Using HTTPS in Mule
Using HTTPS in Mule
Creating a Keystore and Truststore with Mule's out-of-the-box support for HTTPS is simple. Once you do that, you can create Mule projects with HTTPS configuration.
Join the DZone community and get the full member experience.Join For Free
SnapLogic is the leading self-service enterprise-grade integration platform. Download the 2018 GartnerMagic Quadrant for Enterprise iPaaS or play around on the platform, risk free, for 30 days.
Mule provides out-of-the-box support for HTTPS. In this post, I am going to explain how to create and access a simple HTTPS server.
Before We Begin
Before we begin, let’s learn a little bit about Keystore and Truststore.
Keystore — In short, Keystore is a server-side asset that stores the private keys and the certificates with their public and private keys.
Truststore — Truststore is a client-side asset that serves as a repository of certificates (CA or simple) that the client should trust.
To learn more about Keystore and Truststore, please read this article.
Create a Keystore and Truststore
Let’s get our hands dirty now. The three-step process is as follows.
1. Create the Keystore and Generate a Certificate
We will use the
keytool that comes with Java. Create a temporary directory somewhere in your drive. Then, open a terminal and navigate to the directory and execute the following command:
keytool -genkey -alias mule -keyalg RSA -keystore keystore.jks
On execution, it will ask for the Keystore password and some general information. At the end, it will ask for the password of the key.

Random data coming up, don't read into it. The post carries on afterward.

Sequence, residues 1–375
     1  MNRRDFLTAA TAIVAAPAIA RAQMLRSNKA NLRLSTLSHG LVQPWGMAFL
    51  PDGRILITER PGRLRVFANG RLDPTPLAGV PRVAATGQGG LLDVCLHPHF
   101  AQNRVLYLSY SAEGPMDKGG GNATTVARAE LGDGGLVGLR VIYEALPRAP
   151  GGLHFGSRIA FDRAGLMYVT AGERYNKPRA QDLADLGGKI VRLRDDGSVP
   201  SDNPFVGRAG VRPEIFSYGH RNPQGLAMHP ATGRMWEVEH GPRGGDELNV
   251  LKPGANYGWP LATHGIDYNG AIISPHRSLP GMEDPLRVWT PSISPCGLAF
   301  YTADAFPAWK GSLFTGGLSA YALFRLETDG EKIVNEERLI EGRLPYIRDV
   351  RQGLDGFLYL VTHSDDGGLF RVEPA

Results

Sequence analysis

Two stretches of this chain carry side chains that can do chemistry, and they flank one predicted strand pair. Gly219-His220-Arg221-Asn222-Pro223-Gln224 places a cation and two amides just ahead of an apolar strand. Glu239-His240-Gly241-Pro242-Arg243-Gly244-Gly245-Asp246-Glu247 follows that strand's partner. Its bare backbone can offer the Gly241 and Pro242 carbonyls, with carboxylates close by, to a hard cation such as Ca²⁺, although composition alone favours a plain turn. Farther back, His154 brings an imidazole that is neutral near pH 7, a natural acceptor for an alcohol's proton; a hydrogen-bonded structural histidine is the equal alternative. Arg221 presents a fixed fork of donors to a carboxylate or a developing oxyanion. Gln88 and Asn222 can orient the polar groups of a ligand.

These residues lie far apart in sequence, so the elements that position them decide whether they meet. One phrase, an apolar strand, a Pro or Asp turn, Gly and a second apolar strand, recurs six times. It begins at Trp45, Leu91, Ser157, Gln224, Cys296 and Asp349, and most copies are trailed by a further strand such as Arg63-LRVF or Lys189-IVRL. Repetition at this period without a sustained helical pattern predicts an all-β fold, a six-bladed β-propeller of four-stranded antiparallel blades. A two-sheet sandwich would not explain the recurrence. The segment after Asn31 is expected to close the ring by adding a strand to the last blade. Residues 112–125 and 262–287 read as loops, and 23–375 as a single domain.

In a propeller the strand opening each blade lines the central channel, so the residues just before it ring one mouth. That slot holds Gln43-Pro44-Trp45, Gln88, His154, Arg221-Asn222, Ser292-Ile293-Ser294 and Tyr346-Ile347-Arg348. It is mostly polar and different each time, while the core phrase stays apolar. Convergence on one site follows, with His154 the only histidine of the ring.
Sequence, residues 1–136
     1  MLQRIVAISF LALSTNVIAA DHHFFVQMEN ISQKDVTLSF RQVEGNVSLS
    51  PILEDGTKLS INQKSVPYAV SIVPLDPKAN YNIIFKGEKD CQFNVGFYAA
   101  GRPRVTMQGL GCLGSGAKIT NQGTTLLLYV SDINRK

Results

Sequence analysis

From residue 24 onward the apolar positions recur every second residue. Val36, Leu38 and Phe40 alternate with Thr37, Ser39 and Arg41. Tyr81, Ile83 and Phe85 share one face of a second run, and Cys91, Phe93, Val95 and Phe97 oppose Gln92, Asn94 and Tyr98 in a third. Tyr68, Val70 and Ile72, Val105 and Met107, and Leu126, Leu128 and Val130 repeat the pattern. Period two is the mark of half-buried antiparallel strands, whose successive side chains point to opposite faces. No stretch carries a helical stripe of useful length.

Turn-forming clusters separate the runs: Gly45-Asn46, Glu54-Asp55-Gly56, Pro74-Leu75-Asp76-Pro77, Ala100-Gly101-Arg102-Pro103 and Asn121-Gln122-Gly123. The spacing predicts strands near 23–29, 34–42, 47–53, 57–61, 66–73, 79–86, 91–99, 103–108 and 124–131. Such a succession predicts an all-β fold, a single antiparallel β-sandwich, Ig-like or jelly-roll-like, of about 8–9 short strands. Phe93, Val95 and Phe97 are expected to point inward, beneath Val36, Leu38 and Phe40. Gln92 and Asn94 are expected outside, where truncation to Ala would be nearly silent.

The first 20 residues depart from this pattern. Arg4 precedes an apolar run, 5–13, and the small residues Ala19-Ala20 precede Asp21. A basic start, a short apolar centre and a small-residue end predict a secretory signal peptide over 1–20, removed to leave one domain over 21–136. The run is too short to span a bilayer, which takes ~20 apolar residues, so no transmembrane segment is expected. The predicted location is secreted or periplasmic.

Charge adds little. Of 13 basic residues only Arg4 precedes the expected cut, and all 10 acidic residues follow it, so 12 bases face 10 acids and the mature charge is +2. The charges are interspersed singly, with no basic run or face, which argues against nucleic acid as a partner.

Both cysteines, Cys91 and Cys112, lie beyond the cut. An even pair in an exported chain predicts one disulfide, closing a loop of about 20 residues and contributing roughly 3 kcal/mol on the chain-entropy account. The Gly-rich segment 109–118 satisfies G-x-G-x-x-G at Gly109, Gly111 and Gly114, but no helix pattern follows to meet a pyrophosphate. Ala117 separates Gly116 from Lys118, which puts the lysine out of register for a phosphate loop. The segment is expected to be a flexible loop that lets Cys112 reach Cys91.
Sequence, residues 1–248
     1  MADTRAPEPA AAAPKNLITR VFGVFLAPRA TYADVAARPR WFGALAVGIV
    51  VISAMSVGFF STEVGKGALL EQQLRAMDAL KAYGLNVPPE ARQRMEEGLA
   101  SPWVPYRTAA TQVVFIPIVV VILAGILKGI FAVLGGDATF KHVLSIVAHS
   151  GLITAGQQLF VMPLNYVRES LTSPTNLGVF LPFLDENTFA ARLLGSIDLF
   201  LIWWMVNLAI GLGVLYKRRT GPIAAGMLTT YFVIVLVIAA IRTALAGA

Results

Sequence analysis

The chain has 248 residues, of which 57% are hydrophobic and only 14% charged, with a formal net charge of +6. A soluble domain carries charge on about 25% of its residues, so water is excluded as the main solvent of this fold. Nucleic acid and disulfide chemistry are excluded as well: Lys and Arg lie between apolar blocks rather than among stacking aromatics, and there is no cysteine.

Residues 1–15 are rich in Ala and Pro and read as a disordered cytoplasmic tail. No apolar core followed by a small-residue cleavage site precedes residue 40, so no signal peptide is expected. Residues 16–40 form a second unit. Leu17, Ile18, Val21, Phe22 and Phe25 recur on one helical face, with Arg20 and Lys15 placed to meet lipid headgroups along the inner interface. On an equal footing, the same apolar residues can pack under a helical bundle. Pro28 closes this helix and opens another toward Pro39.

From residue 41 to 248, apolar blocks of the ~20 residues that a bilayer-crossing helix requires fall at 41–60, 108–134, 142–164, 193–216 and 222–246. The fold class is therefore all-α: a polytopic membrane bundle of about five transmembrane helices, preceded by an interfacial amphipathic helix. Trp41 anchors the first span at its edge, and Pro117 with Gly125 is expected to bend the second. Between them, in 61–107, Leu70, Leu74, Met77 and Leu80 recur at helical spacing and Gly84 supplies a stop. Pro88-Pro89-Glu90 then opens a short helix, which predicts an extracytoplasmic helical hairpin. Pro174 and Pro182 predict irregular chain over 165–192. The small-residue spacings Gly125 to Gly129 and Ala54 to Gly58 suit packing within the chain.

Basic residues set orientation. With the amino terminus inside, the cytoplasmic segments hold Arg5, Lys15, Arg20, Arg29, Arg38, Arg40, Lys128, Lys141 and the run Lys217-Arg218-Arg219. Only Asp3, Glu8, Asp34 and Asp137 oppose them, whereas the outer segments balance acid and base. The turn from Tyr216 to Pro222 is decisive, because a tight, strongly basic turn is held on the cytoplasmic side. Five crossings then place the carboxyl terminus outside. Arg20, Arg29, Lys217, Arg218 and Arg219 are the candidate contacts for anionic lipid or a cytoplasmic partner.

Keystore password — keystorepass.
Key password — keystorepass.
Feel free to use different passwords for Keystore and key. I used the same password for the sake of simplicity. Here is a simple screenshot:
2. Export the Certificate
The process above creates a Keystore as well as a certificate. We have to export the certificate so that it can be added to the Truststore as the trusted certificate. Execute the following command in the terminal:
keytool -export -alias mule -file client.cer -keystore keystore.jks
The key point here is to specify the key (
mule) and the Keystore (
keystore.jks) that we created in the previous step. You can use any file name for the certificate being exported. Here, I am calling it
client.cer. On execution, it will ask for the password of the Keystore. In our case, it is keystorepass. Here is a screenshot:
3. Import the Certificate to the Truststore
After creation of the certificate
client.cer, we will populate our Truststore with it. So, let’s create a Truststore. Please execute the following command in the terminal:
keytool -import -v -trustcacerts -alias mule -file client.cer -keystore truststore.ts
Important points to be noted here is the key (
mule), the certificate file (
client.cer), and the name of the Truststore (
truststore.ts). Upon execution of the command, it will ask for the password for the Truststore being created. You can choose anything you want. I have chosen truststorepass for simplicity. Here is a screenshot:
Okay, you are done with the creation of your Keystore and Truststore. Congrats! Now, let’s move on to the next steps.
Create a Simple Mule Project
Let’s create the simplest Mule project and the simplest flow. We have an HTTP server running on port 8081. Upon sending a request to the server on the http://localhost:8081/app/ URI, it will call an HTTPS server running on port 8082. That’s it. Here is a screenshot:
HTTPS Server Configuration
I have copied the Keystore and Truststore to the resource/keystore directory of the project. Here's the screenshot:
Let’s configure the flow HTTPS_Server_OneWaySSL. Here is the screenshot:
Remember that in the server, we are using the Keystore.
HTTPS Client Configuration
Let’s configure the flow HTTPS_Client_OneWaySSL.
Configure the Truststore in the TLS/SSL tab.
Remember that here in the client configuration, we are using the Truststore created.
Now, execute the flow and make a request in the URI http://localhost:8081/app/. You should get a response from the HTTPS server running on 8082.
That’s it. You can find the source code here!
Opinions expressed by DZone contributors are their own.